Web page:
In Bushwick, by comparison, about one in 10 children with an indicated case is placed in foster care.

Our original analysis failed to account for the number of children placed into foster care for reasons other than abuse and neglect (such as children whose parents placed them in care voluntarily). The corrected data are below in Table 1, which lists the neighborhoods with a high number of placements.

The ACS uses a different method to measure the outcomes of child protective investigations that are indicated—that is, when the investigator believed there was reason to suspect abuse or neglect had taken place. Below, Table 2 shows the number of indicated investigations that led to a foster care placement of any child in the family, within two months of the conclusion of the investigation. Using this methodology, one placement can represent one or more children being placed from the same family. Central Harlem and Staten Island remain in the top three for the highest percentage of cases that result in placements.

Table 1: Percent of Children in Indicated Reports Placed in Foster Care

(Top 10 community districts plus Jamaica and Bushwick, and five boroughs)


Table 2: Indicated Investigations with Foster Care Placement, FY 2011

(Includes placements made within two months of conclusion of investigation)


Foster Care Placement

Total Indicated Cases

BX1 – Mott Haven/Melrose




BX2 – Hunts Point/Longwood




BX3 – Morrisania/Crotona




BX4 – Concourse/Highbridge




BX5 – Fordham/University Heights




BX6 – Belmont/East Tremont




BX7 – Kingsbridge Hghts/Bedford




BX8 – Riverdale/Fieldston




BX9 – Parkchester/Soundview




BX10 – Throgs Neck/Coop City




BX11 – Morris Park/Bronxdale




BX12 – Williamsbridge/Baychester




BX – Unknown CD




BX – Total




BK1 – Williamsburg/Greenpoint




BK2 – Fort Greene/Brooklyn Hts




BK3 – Bedford Stuyvesant




BK4 – Bushwick




BK5 – East New York/Starrett City




BK6 – Park Slope/Carroll Gardens




BK7 -Sunset Park




BK8 – Crown Heights North




BK9 – Crown Heights South/Prospect




BK10 – Bay Ridge/Dyker Hghts




BK11 – Bensonhurst




BK12 – Borough Park




BK13 – Coney Island




BK14 – Flatbush/Midwood




BK15 – Sheepshead Bay




BK16 – Brownsville




BK17 – East Flatbush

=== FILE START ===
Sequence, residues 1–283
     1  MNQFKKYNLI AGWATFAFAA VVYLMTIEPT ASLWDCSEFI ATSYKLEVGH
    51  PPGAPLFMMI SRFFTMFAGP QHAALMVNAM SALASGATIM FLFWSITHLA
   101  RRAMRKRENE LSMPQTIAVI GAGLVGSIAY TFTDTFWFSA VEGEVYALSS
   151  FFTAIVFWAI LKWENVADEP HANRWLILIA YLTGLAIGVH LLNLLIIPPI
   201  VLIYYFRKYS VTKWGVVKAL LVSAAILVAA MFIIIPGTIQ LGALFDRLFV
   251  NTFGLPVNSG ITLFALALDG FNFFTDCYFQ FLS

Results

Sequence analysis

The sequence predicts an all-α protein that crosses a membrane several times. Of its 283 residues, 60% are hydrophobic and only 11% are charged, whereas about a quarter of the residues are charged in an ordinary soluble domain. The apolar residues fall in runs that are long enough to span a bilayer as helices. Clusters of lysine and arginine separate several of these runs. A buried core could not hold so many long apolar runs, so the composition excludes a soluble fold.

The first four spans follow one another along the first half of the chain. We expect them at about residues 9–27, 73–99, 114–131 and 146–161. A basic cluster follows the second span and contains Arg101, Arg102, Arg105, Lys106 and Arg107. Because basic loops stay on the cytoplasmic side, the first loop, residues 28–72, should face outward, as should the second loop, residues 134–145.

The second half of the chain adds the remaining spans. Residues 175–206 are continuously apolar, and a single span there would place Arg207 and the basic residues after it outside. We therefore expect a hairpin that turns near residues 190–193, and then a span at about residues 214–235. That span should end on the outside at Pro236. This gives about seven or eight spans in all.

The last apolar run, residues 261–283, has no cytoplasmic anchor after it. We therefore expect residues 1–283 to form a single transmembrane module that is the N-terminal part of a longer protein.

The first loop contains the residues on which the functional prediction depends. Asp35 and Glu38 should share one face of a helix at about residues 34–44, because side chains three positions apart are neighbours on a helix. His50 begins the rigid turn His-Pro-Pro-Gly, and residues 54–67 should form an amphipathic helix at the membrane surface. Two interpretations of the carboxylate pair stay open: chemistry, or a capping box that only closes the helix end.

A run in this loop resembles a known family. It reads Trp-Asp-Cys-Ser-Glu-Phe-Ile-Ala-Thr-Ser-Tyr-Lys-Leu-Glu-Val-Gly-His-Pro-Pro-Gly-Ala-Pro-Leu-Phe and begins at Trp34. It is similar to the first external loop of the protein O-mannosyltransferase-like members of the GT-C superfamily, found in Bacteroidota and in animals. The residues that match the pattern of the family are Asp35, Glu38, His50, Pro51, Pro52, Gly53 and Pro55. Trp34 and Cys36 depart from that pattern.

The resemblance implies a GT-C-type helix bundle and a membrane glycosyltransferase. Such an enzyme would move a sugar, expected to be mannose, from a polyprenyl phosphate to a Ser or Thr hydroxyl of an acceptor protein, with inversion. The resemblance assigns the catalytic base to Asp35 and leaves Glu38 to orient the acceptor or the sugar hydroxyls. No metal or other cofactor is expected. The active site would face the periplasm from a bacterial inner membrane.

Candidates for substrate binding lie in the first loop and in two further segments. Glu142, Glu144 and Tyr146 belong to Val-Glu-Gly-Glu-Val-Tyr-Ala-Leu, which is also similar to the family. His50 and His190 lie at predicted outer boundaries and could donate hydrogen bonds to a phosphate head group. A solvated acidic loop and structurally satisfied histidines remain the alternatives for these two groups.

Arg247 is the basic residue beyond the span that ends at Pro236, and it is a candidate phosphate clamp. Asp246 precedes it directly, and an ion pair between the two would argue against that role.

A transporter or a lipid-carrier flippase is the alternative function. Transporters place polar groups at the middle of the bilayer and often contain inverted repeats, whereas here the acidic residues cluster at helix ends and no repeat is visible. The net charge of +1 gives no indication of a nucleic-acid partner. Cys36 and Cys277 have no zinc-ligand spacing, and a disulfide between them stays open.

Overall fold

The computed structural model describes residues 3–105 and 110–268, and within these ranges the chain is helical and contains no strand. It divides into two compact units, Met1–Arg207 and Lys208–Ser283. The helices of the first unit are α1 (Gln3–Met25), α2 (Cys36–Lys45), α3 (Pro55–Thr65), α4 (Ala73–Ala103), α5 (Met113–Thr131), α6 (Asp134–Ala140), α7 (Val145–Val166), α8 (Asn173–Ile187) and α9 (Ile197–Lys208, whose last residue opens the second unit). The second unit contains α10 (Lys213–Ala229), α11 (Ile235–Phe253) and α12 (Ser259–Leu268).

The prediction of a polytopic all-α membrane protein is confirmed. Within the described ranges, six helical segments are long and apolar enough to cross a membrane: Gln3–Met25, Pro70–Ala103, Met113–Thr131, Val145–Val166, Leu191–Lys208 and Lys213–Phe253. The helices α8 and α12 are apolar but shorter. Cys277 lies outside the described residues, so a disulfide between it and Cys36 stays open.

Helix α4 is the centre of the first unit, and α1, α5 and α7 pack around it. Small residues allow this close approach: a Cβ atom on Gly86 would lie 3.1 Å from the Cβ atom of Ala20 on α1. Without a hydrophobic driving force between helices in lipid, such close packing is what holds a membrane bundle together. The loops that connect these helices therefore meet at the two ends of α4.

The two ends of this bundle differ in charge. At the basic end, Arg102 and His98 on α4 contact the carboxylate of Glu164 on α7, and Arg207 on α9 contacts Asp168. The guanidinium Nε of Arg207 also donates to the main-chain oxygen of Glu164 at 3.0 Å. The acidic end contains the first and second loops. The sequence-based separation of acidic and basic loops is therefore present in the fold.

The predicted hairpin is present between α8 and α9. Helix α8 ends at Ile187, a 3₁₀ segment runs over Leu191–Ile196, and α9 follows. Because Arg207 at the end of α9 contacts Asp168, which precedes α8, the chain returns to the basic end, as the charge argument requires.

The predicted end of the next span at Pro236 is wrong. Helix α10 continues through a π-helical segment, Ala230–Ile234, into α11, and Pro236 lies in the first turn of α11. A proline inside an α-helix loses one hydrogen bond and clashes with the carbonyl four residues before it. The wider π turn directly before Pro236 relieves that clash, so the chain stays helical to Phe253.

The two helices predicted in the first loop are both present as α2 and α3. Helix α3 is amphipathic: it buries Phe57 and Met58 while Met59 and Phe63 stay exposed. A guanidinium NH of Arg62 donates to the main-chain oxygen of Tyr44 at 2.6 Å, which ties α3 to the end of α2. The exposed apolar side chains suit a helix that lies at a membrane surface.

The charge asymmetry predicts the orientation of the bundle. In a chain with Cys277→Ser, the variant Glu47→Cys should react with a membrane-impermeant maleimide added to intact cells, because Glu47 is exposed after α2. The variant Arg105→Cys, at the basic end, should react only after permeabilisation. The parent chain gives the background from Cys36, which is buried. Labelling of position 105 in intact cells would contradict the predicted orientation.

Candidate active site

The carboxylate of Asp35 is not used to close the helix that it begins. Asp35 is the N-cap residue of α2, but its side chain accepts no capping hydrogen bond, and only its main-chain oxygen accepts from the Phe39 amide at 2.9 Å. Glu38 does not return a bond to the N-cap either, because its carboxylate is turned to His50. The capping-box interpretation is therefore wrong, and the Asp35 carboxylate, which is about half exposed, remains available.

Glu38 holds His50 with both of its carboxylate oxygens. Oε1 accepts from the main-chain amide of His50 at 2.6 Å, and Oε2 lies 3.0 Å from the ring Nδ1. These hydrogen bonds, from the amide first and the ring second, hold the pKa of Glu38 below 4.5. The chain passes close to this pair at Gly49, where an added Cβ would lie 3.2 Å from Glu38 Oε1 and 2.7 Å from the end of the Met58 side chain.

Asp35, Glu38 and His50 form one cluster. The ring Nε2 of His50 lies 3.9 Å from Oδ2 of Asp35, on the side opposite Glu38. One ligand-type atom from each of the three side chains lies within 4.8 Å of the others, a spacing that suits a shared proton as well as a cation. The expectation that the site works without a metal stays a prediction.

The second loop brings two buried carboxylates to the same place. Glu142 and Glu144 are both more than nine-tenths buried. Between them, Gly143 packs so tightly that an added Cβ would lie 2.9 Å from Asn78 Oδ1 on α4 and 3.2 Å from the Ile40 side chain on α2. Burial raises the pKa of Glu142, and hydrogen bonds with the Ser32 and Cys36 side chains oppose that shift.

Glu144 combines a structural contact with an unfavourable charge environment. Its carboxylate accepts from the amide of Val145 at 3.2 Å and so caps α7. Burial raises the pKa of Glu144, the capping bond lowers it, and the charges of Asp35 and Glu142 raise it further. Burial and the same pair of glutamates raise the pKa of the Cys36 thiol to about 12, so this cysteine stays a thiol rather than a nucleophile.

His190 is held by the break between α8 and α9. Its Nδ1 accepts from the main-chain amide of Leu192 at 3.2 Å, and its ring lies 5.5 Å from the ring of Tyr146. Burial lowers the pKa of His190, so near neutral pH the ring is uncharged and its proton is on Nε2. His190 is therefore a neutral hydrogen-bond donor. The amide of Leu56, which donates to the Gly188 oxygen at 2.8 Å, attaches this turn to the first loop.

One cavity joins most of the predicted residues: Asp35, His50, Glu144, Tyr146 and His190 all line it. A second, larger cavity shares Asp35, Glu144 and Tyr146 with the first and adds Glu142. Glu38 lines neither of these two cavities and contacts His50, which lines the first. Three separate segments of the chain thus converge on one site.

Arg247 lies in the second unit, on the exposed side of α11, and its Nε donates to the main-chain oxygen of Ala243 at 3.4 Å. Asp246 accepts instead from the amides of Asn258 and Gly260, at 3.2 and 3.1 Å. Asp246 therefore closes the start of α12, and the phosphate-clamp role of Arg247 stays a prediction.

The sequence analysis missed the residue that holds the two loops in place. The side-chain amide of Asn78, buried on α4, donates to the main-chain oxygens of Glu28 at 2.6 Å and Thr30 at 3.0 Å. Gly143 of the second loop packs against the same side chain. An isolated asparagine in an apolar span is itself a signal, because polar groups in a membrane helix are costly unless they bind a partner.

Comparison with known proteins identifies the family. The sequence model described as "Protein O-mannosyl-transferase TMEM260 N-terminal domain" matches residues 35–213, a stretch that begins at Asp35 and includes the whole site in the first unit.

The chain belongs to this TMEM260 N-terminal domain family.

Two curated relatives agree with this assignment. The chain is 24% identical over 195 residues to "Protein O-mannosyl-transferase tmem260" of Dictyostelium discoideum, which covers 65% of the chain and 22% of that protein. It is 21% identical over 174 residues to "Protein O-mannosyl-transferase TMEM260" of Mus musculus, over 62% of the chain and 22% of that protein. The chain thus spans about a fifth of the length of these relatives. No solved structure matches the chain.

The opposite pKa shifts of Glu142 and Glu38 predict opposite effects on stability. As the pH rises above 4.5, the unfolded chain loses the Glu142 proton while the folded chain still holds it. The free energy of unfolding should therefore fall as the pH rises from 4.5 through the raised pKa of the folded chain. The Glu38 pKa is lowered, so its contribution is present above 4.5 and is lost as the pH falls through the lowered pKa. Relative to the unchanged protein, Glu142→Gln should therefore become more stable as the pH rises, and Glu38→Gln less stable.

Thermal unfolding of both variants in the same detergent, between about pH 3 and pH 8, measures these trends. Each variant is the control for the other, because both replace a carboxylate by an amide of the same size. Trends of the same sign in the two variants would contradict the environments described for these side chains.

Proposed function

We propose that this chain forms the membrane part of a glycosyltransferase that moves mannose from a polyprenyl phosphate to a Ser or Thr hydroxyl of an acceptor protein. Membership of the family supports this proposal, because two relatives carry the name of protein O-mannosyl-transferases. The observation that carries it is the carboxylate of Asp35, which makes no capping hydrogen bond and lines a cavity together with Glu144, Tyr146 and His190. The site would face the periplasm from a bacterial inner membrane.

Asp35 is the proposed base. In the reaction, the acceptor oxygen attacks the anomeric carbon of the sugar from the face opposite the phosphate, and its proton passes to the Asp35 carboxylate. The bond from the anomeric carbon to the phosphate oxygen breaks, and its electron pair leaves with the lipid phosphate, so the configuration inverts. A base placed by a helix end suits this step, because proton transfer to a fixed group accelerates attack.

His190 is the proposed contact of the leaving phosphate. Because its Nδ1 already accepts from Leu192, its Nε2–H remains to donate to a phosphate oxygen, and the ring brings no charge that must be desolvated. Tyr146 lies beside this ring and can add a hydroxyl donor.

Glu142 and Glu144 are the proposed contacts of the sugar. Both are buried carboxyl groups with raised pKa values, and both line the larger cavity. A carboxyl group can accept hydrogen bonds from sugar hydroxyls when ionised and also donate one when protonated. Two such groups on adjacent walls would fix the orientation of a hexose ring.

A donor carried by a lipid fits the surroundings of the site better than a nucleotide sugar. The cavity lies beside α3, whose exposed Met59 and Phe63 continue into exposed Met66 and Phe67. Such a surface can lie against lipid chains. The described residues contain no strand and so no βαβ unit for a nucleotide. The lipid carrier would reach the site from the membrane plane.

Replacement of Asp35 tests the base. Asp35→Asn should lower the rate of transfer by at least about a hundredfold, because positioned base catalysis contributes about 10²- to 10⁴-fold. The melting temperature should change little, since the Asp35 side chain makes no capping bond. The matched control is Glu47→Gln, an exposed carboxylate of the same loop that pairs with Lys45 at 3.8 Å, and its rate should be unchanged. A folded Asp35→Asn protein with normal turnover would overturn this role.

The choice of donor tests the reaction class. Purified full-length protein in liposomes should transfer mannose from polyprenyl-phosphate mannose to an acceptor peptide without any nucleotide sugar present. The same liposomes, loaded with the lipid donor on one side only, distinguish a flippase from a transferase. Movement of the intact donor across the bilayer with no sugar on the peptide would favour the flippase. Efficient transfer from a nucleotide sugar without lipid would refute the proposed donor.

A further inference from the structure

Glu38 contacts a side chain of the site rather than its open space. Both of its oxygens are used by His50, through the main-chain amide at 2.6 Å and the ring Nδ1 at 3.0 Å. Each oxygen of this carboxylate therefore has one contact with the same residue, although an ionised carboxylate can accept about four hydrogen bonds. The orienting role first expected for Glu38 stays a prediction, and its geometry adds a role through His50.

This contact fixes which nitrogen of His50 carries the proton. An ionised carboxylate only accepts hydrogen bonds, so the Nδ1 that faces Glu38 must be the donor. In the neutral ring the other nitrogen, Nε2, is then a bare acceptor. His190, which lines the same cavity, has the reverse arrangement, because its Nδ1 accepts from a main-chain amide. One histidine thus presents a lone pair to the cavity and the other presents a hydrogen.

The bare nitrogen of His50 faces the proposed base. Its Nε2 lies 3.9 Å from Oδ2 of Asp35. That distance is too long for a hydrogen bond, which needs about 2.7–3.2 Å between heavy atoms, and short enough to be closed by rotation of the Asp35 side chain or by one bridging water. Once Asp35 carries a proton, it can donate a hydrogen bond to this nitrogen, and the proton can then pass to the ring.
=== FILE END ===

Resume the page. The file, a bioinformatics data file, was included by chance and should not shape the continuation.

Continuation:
BK18 – Flatlands/Canarsie




BK – Unknown CD




BK – Total




MN1 – Financial District




MN2 – Greenwich Village/Soho




MN3 – Lower East Side/Chinatown




MN4 – Clinton/Chelsea




MN5 – Midtown




MN6 – Stuyvesant Town/Turtle Bay




MN7 – Upper West Side




MN8 – Upper East Side




MN9 – Morningside Heights/Hamilton




MN10 – Central Harlem




MN11 – East Harlem




MN12 – Washington Heights/Inwood




MN – Unknown CD




MN – Total




QN1 – Astoria




QN2 – Sunnyside/Woodside




QN3 – Jackson Heights




QN4 – Elmhurst/Corona




QN5 – Ridgewood/Maspeth




QN6 – Rego Park/Forest Hills




QN7 – Flushing/Whitestone




QN8 – Fresh Meadows/Hillcrest




QN9 – Ozone Park/Woodhaven




QN10 – South Ozone Park/Howard Beach




QN11 – Bayside/Little Neck




QN12 – Jamaica/Hollis




QN13 – Queens Village




QN14 – Rockaway/Broad Channel




QN – Unknown CD




QN – Total




SI1 – Saint George/Stapleton




SI2 – South Beach/Willowbrook




SI3 – Tottenville/Great Kills




SI – Unknown CD




SI – Total








Source: ACS




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One Response to What’s the Matter with Staten Island?

  1. VMGillen June 28, 2012 at 1:38 pm #

    Anecdotally, I’ve heard ACS has some real problems on the North Shore – that many complaints are coming from schools (see Advocates for Children’s reports viz. males of the non-caucasian persuasion in the City school system). Note: CB1 has remarkable rates of lead exposure, far surpassing the rest of the City. Exposure often manifests as “bad” behaviour. . .

    Any complaint must be fully investigated… one wonders if high numbers of complaints in conjunction with staff cut-backs (oh yes: cutbacks notwithstanding highly visible failures) and an Agency-wide CYA ethos lead to a higher number of out-placements? (I’m on the mailing list for the union newsletter, btw, having formed close ties with several ACS investigators. Long story, but it has to do with extraordinary kids, military command, and an absolutely unwavering commitment to the children, a commitment which has nothing to do with accomodating people in power).

    The lack of support services on Staten Island, when compared to those available to distressed SESs in the rest of the city, needs investigation.

    Furthermore, when considering public service workers, it bears mentioning that Staten Island is often the “twi-light” tour of choice – the easy place to serve right before retirement – a much more tractable population, parking, and often close to home, because so many workers live here…